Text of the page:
Abstract: Until the introduction of the iPhone, cellular telephony and the Internet were essentially separate. The Internet was a PC-based service, while mobile telephony was conducted on a telephone. Though there were mobile products that provided communication services such as email, web access and other Internet services were either unavailable or inferior to those available on a PC. The “smartphone” cate-gory redefined by Apple meant the convergence of traditional mobile telephony, Internet services, and personal computing. As these sectors merge into a single device, formerly separate industry architec-tures and their constituent firms are being forced into direct competition. We test theories of industry architecture and technological platforms regarding their ability to explain the strategies of key entrants in navigating the transition. We analyze in detail the actions and strategies of four major competitors, including Apple, Google, Microsoft, Nokia, and, more briefly, Research in Motion and HP/Palm, from the framework of technological platform theory. Our analysis suggests that currently some competitors are following traditional platform strategies, but that Google and Apple appear to have adopted strate-gies at odds with platform literature. We examine how the dynamics of this convergence may lead to a reconsideration of certain tenets of platform theory.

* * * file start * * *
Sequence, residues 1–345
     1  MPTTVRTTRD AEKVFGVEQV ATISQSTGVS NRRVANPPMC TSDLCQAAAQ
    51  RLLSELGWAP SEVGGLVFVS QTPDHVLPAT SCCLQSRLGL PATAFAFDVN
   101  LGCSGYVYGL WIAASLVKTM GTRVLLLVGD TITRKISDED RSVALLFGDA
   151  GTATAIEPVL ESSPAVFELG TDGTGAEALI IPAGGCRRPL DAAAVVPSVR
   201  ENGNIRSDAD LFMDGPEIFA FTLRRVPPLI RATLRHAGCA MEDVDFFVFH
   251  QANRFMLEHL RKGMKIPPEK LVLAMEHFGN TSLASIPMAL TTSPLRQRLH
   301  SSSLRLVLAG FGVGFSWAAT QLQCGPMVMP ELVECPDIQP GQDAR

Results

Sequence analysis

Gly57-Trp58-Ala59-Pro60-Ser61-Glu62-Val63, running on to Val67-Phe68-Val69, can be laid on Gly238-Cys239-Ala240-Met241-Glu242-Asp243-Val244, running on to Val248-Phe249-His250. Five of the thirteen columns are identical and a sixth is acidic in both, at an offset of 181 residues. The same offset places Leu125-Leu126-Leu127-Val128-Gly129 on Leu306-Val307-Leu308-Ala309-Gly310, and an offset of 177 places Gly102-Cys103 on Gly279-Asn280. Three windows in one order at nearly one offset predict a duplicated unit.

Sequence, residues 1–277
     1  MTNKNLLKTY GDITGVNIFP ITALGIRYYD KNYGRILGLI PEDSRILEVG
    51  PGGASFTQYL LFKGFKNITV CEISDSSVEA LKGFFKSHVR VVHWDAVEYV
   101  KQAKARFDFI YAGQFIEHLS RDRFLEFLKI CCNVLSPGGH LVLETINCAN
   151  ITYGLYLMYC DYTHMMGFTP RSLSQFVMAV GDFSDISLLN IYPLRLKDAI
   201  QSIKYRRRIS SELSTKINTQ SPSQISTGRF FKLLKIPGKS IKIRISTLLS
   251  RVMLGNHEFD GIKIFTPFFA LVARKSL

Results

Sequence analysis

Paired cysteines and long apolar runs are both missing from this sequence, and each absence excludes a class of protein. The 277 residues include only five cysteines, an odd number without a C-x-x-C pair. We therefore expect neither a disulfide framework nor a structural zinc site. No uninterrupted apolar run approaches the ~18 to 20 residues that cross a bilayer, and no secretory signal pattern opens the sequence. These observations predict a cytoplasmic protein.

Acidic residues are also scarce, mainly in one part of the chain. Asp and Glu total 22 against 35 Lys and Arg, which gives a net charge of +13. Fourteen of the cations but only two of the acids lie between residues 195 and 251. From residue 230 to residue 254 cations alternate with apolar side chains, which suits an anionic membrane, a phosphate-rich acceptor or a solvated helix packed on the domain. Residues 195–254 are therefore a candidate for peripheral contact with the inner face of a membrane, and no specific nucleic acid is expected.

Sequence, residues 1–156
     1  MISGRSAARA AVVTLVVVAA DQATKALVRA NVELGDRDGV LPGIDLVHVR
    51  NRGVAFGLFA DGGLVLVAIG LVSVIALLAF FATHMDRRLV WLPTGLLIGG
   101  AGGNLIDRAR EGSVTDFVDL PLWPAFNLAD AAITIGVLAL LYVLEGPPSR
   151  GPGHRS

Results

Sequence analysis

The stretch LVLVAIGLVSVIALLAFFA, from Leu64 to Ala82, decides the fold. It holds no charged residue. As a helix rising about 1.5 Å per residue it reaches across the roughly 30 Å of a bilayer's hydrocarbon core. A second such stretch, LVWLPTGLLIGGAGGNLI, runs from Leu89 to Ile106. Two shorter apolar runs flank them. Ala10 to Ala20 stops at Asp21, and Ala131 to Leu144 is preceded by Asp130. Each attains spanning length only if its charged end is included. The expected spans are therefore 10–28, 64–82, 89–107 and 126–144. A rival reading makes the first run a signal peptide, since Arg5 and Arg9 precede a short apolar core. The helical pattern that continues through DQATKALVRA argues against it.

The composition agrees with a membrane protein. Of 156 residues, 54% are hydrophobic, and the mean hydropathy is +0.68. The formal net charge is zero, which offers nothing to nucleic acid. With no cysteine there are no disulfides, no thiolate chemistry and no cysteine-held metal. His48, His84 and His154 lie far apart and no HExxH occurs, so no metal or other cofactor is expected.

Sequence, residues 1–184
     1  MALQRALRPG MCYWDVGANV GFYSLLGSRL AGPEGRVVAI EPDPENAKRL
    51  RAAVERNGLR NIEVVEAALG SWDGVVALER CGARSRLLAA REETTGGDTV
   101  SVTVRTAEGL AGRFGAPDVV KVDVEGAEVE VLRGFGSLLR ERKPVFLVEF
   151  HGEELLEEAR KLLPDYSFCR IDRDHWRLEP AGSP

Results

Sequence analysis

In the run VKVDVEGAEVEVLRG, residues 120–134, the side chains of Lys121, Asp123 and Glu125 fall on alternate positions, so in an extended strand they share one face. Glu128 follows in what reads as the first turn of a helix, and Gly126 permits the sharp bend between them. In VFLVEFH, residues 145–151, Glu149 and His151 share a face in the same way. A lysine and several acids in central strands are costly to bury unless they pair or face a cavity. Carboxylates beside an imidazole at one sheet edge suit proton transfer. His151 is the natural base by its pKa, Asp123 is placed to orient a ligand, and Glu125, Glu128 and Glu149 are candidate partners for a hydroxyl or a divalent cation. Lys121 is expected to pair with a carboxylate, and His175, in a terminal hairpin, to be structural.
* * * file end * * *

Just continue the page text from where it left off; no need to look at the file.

Keywords: platforms, industry structure, smart phones, Android, iPhone
    Date: 2011–02–10
  13. By: Fernando Borraz (Banco Central del Uruguay y Departamento de Economía, Facultad de Ciencias Sociales, Universidad de la República); Leandro Zipitria (Universidad de Montevideo and Universidad de San Andrés)
    Abstract: We use a rich and unique dataset of 20 million daily prices in groceries and supermarkets across the country to analyze stylized facts of the behaviour of consumer prices. Our findings are as follows: i) The median duration of prices is little over 2 months. Therefore, retail prices in Uruguay are less sticky than in the US but stickier than in the UK. ii) We do not find evidence of a seasonal pattern in the likelihood of price adjustments. iii) The frequency of price adjustment varies positively with expected inflation for the food and personal care product categories. However, in the alcohol and soft drink categories we find that firms increase the percentage points of the adjustment and not its frequency. iv) The probability of price change in the first day of the month is seven times higher than in any another day. v) The probability of a price change is not constant over time.
    Keywords: Retail; micro data; prices; price volatility; sticky prices.
    JEL: E31 D40 L16 L81
    Date: 2011–01